You can be 'extremely fulfilled' working for yourself, full-time freelancers say: Here's what you need to know

"Twenty-five dollars an hour for a business is more like $18 an hour."

Marianne Boules.
Courtesy Marianne Boules

Americans are increasingly picking up freelance work. About 59 million people, or 36% of the U.S. workforce, took up freelance gigs between June 2019 and June 2020, according to a September 2020 Upwork survey of 6,000 U.S. workers. That's an increase of 2 million people from the previous year. The trend appears to be growing as millions quit their jobs to meet new priorities like flexibility and freedom on the job.

Marianne Boules made a move before the pandemic: She left her government job in 2018 to become a freelance grant writer. "I started my own business, and since then I have been extremely fulfilled," she says.

But going freelance full time isn't without challenges. Here are four pieces of advice for pursuing full-time freelance work from Boules and other successful entrepreneurs who have made the transition.

Figure out fees: '$25 an hour for a business is more like $18 an hour'

Boules, 28, who is based in Orange County, California, had always wanted to work in government and make a difference. But after working as a policy analyst, she became "disillusioned and jaded" with the environment, and decided to strike out on her own.

She founded Boules Consulting in April 2018, through which she does "consulting and proposal writing for nonprofits and social enterprises," she says. "I mostly focus on grant writing."

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In her first year in business, Boules made $15,000. This year, she's on track to bring in $70,000. As you figure out your own pricing models, Boules suggests keeping in mind that the sum of what you charge will not be what you take home. Some of that revenue will go to materials and supplies you need, for example. A third should also be set aside for taxes.

"I started out making $15 an hour and then I raised it to $25 an hour," says Boules.

With the expenses she was accruing outside of paying herself, however, Boules realized, "Twenty-five dollars an hour for a business is more like $18 an hour." So shifted her model to charging per project. "I usually do three grants a month for $1,000 a month," she says.

'Dedicate time to client acquisition'

As a freelancer, you're responsible not just for doing the work but also for finding a steady stream of opportunities.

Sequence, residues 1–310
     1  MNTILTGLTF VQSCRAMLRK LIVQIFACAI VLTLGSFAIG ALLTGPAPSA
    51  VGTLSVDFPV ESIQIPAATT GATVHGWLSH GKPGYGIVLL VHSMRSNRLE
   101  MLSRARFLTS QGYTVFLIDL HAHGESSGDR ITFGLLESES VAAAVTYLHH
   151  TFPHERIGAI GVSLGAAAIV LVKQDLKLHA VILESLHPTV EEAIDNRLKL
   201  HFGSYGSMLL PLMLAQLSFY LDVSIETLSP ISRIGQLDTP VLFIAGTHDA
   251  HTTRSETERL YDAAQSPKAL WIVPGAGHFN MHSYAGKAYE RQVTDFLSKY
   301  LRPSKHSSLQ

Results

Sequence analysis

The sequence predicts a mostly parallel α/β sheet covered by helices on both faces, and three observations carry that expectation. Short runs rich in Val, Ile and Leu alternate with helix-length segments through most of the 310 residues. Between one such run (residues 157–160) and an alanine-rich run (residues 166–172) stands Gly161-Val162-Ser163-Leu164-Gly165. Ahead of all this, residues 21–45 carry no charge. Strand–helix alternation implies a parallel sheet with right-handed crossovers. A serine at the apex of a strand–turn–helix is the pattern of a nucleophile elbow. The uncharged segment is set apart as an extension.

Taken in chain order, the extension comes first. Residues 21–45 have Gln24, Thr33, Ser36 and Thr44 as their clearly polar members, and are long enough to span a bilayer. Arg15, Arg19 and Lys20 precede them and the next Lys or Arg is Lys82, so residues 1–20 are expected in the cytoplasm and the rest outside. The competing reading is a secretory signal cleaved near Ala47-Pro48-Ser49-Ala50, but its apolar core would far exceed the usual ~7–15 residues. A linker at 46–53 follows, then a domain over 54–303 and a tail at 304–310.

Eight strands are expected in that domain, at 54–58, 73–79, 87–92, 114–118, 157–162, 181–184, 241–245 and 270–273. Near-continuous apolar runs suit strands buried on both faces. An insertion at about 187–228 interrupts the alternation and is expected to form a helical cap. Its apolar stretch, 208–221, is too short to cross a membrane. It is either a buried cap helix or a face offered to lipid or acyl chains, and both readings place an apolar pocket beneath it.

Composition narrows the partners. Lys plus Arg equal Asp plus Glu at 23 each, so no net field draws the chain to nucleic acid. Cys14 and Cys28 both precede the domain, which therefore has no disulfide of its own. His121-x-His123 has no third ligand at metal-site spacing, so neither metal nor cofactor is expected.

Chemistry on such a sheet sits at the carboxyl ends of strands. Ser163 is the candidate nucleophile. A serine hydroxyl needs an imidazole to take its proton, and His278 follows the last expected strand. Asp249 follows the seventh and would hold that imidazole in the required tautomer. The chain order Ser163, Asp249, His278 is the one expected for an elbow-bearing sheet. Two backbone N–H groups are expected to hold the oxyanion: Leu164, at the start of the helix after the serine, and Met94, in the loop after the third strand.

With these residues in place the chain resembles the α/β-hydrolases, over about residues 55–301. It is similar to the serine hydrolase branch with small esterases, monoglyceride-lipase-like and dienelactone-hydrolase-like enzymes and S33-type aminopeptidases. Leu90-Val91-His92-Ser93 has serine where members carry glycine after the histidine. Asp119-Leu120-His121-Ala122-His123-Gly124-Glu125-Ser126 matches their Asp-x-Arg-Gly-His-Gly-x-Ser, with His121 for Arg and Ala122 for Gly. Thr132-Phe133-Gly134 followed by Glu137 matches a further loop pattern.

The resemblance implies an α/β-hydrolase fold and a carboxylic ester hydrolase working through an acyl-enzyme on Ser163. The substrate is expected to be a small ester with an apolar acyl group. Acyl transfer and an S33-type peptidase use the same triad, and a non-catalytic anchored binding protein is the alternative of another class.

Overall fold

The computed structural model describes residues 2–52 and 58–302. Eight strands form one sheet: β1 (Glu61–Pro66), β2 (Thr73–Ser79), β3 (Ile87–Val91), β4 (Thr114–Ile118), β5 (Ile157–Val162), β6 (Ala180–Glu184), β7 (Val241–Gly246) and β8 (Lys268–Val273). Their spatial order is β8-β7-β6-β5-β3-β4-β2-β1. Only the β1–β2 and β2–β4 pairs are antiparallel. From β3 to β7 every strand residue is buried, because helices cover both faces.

Always "dedicate time to client acquisition," says Boules, "because if you ever stop working on marketing and client acquisition, it's only a matter of time before [you've finished the work for] your current base of clients" and you have to scramble to find your next gig.

Boules herself dedicates one hour a week for marketing to acquire new clients.

'Start your IRA as soon as possible'

Jeanette Andrews had always wanted to be a magician: She started her career in magic at just 6 years old when she got paid $10 to perform at a local day care. "To hear that somebody will pay you $10 for anything, let alone something that you love, was just mind bending to me," says Andrews. And her career took off from there.

Andrews is now 31 and living in Chicago ― and she's a full-time magician. For her, that means doing a combination of private performances at cocktail parties and galas, teaching workshops, and working with places like the Museum of Contemporary Art Chicago on larger performance pieces. During the pandemic, she booked a lot of "corporate virtual performances."

Emily Calvin, Aleksandr Wilde's wife.
Photo by Aleksandr Wilde

Even before she left her parents' house to pursue magic full time, Andrews began putting money aside for retirement. As a freelancer, "you are responsible for every aspect of your life, your insurance, your retirement," she says. "Set up and start your IRA as soon as possible."

Freelancers have a variety of retirement account options available to them, including a traditional and Roth IRAs, as well as SEP-IRAs and solo 401(k)s. Even small contributions can add up.

Be open to 'doing other things for money'

Aleksandr Wilde, 32, who lives in Gainesville, Florida, started his freelance photography hustle in 2018 while studying theater at Santa Fe College. A few years before, he says, "a friend of mine had loaned me their DSLR camera and sort of showed me how to use the manual settings." As Wilde gained experience, people started asking if they could hire him.

Today, "I make some money doing headshots for actors," he says, and "I do family photography." That includes maternity photos, engagement sessions, and weddings. On average, he makes $100 per hour and, depending on how many gigs he books, "I'll have a month when I pull in a couple thousand dollars and I have a month where I pull in $100," he says.

Aleksandr Wilde.
Courtesy Aleksandr Wilde

Wilde is married, and his wife's salary helps bring the couple some financial stability. While he's finishing up his degree, his parents are also helping to cover some of the couple's costs.

Booking photography gigs proved challenging during the pandemic, so in the interim Wilde picked up a gig washing dishes at a local doughnut shop. His photography work is picking up again, but he still washes dishes about 10 hours a week making $12.50 per hour.   

His advice for other freelancers is to remember that your intended full-time freelance gig might be slow to start. At least at first, "sometimes [making it work] means doing other things for money," he says.

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